The Trump administration is not a fan of handouts, but Musk could make a compelling case for extending the $7,500 EV credit based on cutting foreign oil dependence. Then again, with strong pro-oil views among many of Trump's top agency picks and Republicans in Congress, that attempt may be futile.
Musk's go-it-alone attitude
Where Musk could be most effective as a Trump adviser is in advocating for continued investments in cleantech research and development at the Department of Energy. Among many other things, the DOE has played an instrumental role in bringing down the cost of lithium-ion batteries and helping to develop the next generation of battery technologies. Companies like Tesla stand to benefit from government-led innovation and government-trained talent pool.
However, it's unclear what kind of policy advice Musk's "go-it-alone" attitude will translate into. Tesla's leadership frequently touts the company's abilities, like cutting battery costs faster than projections. So it's possible that Musk will argue that entrepreneurship is the true source of innovation, not the state.
Also, while Tesla benefited from a $465 million DOE loan, Musk has played down its significance. After the loan was paid off (nine years early), Musk said that a carbon tax would be better than a government loan program. "Yes, am arguing against subsidies and in favor of a tax on the end bad created. Market will then achieve best solution," he tweeted.
If Musk could actually convince Trump to propose a carbon tax, that would come as a shock and a delight to many, but that seems unlikely. On the other hand, if Musk decided not to advocate for DOE's cleantech investments because he thinks they've had a limited impact on Tesla's success, that seems shortsighted.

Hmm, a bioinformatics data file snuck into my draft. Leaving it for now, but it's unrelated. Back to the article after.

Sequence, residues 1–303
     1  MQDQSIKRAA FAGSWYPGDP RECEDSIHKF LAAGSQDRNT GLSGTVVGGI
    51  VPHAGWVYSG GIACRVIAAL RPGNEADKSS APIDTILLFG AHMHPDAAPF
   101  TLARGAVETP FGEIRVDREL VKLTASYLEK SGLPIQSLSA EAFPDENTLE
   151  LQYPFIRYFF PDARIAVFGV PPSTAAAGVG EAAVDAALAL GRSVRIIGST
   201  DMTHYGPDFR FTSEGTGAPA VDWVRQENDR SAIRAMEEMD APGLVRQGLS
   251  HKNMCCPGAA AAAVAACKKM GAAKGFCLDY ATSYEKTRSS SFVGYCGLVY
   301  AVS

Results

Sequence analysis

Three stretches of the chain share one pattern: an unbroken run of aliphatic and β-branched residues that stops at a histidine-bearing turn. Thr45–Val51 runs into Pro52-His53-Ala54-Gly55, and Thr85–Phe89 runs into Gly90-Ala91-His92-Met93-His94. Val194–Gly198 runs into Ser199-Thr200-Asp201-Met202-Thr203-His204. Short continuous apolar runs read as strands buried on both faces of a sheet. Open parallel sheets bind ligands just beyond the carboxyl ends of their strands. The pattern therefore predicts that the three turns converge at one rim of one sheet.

According to an internal memo sent to the DOE by Trump's transition team, the new administration plans to take a close look at the government's loan programs. While Republicans frequently point to Solyndra's failure -- Trump himself called it a "disaster" -- the loan program has a loss ratio of just 2.33 percent and has been instrumental in making clean energy solutions more competitive. Many energy and technology experts view continued investments through the DOE loan office and through other vehicles like ARPA-E as critical to advancing the clean energy sector and boosting U.S. economic competitiveness overall. On this issue, the cleantech community is surely looking to Musk as an ally.
Of course, even if Musk tells Trump that leading on climate and clean energy is in America's best interest, there's a chance the next president just won't listen. At the end of the day, Musk holds an advisory role. Meanwhile, Trump has given top positions in his administration to people with strong ties to traditional energy industries.
"We want you to keep going with the incredible innovation," Trump told Musk and other tech leaders on Wednesday, according to Newsweek. Time will tell what that means for sustainable energy companies.